Poriyal anyone? Joys of South Indian cuisine

So what’s a poriyal you’re all thinking. Essentially its a vegetable dish tempered with spices. It’s South Indian – which is a much lighter and fresher than the heavily sauced, rich northern Indian food.
A lot of the food in the south of India is vegetarian. But it’s the blend of spices that really differentiates it from its northern counterpart.

We tend to eat a lot of spicy food but I was never a fan of Indian food until I discovered south Indian cuisine. My preference is for light and fresh. So I was very surprised when I first came across it (thanks to my husband who lived in India for many years and spent much time holidaying in Goa – then a somewhat rustic haven for poor travellers and locals. Sadly now taken over by too many Israeli and Russian tourists with their demands to have it all). 

Usually I cook Thai and Vietnamese style foods while my husband cooks Indian. However we recently come across a couple of great cook books with more contemporary adaptations on traditional food and I decided to learn the basics. In fact we first came across the modern incarnation at a fabulous resort restaurant in Kerala – but that’s another story.

So back to the poriyal. It consists of a basic tempering spice mix:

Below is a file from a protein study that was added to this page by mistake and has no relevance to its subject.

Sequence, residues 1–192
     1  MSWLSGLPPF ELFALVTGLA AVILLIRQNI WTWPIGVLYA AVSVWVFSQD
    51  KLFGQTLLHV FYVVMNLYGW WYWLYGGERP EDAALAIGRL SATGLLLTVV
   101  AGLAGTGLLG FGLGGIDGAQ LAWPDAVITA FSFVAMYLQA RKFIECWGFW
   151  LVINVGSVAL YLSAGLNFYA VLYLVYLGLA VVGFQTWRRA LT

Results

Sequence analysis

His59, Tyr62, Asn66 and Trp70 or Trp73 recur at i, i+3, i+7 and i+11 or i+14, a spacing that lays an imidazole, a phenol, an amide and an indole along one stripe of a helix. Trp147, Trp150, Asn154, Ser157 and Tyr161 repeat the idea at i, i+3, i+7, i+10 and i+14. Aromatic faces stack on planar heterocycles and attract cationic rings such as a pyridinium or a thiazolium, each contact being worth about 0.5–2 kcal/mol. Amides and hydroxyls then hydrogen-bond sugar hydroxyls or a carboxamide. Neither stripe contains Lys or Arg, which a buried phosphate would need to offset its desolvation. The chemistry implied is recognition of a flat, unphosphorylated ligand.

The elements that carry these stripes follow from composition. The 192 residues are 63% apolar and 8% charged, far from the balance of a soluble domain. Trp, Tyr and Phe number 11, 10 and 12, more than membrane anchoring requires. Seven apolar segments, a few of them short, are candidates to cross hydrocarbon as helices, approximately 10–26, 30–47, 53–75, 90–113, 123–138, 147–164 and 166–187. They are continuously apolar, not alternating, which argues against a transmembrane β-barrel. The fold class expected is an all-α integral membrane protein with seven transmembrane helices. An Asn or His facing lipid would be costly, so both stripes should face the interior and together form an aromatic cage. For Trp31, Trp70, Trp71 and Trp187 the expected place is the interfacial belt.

• 1 tspn cumin
  • 1 tspn black mustard seeds
  • 1 tspn urud dhal
  • 1/2 tspn asafetida
  • Curry leaves
  • Red chilli split lengthways but still intact.

Heat a pan until hot and add a tablespoon oil or ghee.
Once the oil is hot throw in the spice mix but stand back – the mustard seeds pop as do the curry leaves. You need the oil to be hot enough to do this otherwise the spices just steam and don’t release their flavours.
Then add the roughly chopped zucchini (you can use any vegetables for this, e.g. green beans, or a mixture of finely chopped, beans, carrots and capsicums) and stir to mix the spices through. Then add a splash of water and let it cook – briefly – until the zucchini is just cooked but still firm. Stir through a tablespoon or so of shredded or grated coconut. And you’re done. Easy.
And to go with that poriyal? We had a spice-crusted fillet of beef (seared and then cooked on the BBQ for 15 mins) and a tomato relish (tamatar ka kut) which is east Indian; but its also good with fish, dhal, rice – the possibilities are endless.